Musings on market-oriented approaches to International Development
In 2006, I worked with a Malawaian microfinance institution (MFI). The MFI had trouble encouraging employee attendance and performance. “Armed” with 8-months in business school (!), I provided what I felt was a simple solution: provide incentives. Incentives mean harder working employees with better attendance. Of course, the incentives failed. Sometimes, people did not come to work because family members were sick with AIDS. Sometimes, people just didn’t care.
The MFI (and me) is an example of ways in which people seek to leverage business approaches as part of a broader enterprise in solving social challenges. These efforts have morphed into various forms, one being social enterprises – businesses that prioritize social impact, while seeking financial sustainability.
However, two challenges prevent social enterprises as independently sustainable tools for having a wide-reaching, deep-seated effect on poverty alleviation: they lack scale and most are independently unsustainable.
One of the most prevalent metrics used to evaluate the success of social enterprises is scale. Yet, outside of rare exceptions like BRAC – an organization that provides millions of people with micro-credit, health and educational opportunities – very few social enterprises have truly reached many people, across many geographies.
On the other hand, for-profit businesses have reached significant scale in a variety of economies. While this success is not unmarred, the ability of for-profit firms to sustainably achieve scale is indicative of the model’s potential to affect a broader swathe of society versus social enterprises.
A pithy rebuttal may argue that the social impact of for-profit enterprises is, to say the least, questionable. How can the work of an organization that provides low-income individuals with the capital needed to start businesses, be compared to a business that sells shampoo?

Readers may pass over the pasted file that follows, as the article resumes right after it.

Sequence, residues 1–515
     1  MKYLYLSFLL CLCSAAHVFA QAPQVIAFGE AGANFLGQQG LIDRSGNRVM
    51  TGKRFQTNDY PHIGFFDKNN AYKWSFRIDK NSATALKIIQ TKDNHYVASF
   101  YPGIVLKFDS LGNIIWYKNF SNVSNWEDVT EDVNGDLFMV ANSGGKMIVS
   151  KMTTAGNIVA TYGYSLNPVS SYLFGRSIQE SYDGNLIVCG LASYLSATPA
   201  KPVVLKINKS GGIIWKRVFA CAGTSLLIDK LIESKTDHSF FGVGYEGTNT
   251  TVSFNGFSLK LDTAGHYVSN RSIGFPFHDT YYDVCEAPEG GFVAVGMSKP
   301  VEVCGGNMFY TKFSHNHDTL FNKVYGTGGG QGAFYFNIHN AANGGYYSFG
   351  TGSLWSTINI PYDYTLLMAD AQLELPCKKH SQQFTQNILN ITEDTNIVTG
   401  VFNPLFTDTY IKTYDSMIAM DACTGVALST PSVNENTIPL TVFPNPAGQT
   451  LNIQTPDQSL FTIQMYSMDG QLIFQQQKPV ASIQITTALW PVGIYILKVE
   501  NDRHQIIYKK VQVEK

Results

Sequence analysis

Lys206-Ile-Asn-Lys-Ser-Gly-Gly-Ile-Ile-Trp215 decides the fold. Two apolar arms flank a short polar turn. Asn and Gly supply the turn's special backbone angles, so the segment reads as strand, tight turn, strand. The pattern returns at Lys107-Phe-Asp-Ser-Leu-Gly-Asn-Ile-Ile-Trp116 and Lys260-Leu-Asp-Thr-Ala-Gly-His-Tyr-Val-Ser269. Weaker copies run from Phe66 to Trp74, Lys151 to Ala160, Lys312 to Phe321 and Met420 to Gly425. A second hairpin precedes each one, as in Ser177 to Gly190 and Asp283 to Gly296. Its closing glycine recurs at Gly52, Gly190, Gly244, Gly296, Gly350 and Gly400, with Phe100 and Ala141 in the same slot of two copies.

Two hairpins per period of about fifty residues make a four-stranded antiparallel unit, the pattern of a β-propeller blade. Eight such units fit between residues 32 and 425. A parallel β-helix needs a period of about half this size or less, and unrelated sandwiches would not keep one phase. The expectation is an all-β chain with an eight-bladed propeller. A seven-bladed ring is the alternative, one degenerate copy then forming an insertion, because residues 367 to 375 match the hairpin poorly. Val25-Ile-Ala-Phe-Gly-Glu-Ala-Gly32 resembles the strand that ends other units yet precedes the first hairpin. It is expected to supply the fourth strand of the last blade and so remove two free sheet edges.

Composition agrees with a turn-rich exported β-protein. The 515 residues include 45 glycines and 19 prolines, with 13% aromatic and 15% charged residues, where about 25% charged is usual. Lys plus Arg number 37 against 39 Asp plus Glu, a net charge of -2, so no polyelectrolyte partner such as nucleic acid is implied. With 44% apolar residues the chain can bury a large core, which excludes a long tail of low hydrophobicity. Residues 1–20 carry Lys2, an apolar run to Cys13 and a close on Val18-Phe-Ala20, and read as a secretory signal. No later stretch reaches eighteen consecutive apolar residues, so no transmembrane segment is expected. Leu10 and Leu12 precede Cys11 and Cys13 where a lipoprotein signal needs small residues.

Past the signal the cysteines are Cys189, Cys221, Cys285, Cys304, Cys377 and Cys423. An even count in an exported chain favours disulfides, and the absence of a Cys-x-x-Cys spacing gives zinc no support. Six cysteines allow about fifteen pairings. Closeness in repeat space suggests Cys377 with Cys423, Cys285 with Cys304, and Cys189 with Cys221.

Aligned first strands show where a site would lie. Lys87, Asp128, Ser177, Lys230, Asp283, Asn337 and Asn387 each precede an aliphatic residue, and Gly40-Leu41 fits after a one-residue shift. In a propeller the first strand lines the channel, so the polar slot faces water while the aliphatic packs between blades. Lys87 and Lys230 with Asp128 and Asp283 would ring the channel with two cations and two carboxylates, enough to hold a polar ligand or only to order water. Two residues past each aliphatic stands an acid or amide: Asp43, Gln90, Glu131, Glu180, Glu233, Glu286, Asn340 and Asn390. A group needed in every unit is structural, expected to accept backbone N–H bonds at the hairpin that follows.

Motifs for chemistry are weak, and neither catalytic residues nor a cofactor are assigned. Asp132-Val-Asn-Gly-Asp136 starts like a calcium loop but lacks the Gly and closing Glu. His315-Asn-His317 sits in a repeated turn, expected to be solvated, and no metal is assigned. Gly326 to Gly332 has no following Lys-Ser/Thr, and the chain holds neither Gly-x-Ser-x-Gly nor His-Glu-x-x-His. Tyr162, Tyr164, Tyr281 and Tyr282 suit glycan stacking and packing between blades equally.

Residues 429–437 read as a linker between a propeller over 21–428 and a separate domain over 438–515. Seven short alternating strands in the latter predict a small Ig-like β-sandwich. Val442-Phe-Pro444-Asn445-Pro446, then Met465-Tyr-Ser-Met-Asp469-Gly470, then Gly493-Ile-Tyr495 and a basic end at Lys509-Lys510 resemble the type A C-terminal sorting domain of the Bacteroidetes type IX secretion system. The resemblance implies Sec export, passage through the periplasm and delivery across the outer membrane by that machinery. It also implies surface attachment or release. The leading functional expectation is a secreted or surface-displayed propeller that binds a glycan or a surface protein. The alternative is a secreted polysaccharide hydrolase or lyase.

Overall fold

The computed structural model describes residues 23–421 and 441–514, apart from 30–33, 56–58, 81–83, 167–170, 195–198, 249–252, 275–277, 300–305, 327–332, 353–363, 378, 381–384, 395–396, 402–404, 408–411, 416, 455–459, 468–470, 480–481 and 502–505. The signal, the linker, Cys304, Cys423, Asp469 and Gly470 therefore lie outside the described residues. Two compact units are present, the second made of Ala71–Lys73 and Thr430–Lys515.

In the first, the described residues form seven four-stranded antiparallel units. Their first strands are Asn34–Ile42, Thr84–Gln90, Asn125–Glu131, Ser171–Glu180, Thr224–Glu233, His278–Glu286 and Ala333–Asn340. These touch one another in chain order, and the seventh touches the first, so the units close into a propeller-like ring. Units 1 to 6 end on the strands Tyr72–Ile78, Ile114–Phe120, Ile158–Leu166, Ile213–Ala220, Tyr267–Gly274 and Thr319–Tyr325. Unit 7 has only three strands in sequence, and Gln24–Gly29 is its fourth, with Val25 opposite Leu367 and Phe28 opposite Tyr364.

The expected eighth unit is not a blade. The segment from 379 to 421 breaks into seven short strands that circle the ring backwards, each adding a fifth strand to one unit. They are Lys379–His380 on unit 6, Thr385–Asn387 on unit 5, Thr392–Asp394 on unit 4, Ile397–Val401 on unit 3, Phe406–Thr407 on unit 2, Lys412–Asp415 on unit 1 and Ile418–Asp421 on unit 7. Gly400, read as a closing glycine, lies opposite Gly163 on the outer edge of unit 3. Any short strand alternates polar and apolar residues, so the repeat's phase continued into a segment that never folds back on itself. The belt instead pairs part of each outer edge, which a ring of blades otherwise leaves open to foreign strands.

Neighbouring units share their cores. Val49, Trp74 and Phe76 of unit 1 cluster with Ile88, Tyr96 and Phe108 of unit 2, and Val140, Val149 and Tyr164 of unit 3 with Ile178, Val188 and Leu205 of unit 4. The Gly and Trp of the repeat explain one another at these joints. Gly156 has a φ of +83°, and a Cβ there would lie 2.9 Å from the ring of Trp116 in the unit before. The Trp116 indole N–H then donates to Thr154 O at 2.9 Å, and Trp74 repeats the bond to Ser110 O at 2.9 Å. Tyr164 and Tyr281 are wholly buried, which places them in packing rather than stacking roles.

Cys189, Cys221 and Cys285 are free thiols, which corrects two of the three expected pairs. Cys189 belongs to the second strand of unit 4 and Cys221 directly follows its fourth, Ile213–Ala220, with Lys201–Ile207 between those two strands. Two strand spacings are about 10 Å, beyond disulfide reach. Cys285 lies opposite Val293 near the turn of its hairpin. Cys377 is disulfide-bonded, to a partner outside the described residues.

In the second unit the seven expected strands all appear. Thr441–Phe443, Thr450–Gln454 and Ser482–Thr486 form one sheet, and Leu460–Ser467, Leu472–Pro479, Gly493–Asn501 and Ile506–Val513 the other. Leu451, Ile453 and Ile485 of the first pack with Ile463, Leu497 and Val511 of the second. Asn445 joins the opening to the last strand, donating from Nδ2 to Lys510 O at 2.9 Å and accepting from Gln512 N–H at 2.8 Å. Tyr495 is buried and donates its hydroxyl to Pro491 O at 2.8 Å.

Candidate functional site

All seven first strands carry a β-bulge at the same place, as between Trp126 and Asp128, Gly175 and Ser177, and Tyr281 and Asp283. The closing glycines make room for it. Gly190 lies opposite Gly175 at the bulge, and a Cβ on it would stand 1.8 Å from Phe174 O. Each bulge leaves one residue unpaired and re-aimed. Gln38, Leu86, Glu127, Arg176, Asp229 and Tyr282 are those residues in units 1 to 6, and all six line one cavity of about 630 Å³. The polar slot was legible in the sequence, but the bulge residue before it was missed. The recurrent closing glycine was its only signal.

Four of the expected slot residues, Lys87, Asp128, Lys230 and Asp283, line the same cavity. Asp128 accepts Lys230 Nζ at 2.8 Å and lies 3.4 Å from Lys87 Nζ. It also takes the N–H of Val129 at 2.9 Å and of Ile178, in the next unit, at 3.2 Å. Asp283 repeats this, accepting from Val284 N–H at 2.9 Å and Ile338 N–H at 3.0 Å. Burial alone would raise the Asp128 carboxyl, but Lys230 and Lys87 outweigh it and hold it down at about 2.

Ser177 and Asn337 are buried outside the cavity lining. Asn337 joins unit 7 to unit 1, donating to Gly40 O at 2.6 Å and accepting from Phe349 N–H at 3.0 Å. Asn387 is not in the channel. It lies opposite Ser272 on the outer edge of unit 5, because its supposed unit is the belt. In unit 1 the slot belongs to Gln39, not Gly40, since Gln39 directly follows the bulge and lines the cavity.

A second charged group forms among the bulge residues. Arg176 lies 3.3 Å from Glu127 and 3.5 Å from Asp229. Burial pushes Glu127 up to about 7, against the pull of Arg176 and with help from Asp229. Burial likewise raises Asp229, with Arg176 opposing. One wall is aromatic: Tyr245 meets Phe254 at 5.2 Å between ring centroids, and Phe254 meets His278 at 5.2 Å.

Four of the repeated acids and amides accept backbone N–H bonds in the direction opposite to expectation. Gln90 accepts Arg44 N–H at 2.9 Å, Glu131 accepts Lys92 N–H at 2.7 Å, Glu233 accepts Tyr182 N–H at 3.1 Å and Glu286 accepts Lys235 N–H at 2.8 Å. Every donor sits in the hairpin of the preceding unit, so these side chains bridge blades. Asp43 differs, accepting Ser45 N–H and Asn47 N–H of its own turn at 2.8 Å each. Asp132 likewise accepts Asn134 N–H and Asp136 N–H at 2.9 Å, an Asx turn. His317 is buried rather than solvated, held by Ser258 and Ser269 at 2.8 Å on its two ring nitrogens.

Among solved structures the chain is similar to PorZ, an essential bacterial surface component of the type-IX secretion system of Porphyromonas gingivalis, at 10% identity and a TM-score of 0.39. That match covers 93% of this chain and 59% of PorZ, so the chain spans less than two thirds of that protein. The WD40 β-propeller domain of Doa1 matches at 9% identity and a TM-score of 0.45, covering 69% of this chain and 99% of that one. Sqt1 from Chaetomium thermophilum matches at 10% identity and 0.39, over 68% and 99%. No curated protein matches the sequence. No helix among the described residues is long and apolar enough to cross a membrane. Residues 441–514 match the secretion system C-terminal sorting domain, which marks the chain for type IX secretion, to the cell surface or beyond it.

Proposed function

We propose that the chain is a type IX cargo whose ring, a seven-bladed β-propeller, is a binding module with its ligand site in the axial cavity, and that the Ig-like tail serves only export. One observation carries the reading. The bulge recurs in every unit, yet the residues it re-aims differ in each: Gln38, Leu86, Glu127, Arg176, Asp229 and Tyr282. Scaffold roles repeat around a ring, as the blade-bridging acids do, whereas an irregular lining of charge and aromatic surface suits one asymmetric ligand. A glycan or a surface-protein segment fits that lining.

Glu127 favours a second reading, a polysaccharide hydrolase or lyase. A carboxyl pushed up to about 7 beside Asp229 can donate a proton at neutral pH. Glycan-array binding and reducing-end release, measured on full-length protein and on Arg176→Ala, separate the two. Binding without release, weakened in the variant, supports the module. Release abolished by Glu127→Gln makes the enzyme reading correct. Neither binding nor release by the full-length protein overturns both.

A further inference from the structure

To that end, my position is that job creation from for-profit enterprises is a wide-reaching weapon in the fight against poverty. With increased incomes, households are in a better position to access better healthcare, better education, and better access to clean water. In short, increased incomes mean better lives.
To be fair, there may well be an argument for experimenting with different models to deliver social impact. Yet, it is questionable if the lion share of resources should go to social enterprises, when so much has already been (painfully!) learned about for-profit businesses.
With a better understanding of how to create shared value for businesses and societies – does it not make more sense to figure out how to leverage for-profit businesses to help the poor, versus disseminating millions of dollars on “experiments?”
Underscoring this argument are results from the petri dish experiments on social enterprises. Namely, social enterprises are seemingly bedeviled by many of the problems of its ‘antiquated’ ancestors, like AID or NGOs: corrupt finances, ineffective systems, and exaggerated stories on impact coupled with questionable data.
Why spend significant and scarce resources supporting organizations that have yet to – on a broad scale – deliver on the promised step change over charities, NGOs, for-profit enterprises, or aid?
Social entrepreneurship’s disciples argue that this model is appealing due to an ability to be financially sustainable, while also achieving a social impact.
Yet, while little data exists, it is becoming increasingly evident that a significant amount of social enterprises are dependent on grants in order to achieve financial sustainability. In other words, the profit of more than a few social enterprises does not come from enterprise’s core function, but from the grants received from donors.
If a significant amount of social enterprises are depending on charity to be financially “sustainable,” then are these really ‘enterprises’? Probably not.
Any organization dependent on external funding for sustainability is not a social enterprise – it is an NGO.
To be fair, space for social enterprises in the broader field of international development does exist, and rightly so. Some social enterprises may achieve financial sustainability, while delivering a meaningful social impact.
Yet, increasingly evident – and possibly, prevalent – problems among social enterprises cautions a belief in (messianic) interpretations of these models consistently having a substantive, sustainable and scalable impact on poverty alleviation across a broad variety of economies, markets and geographies.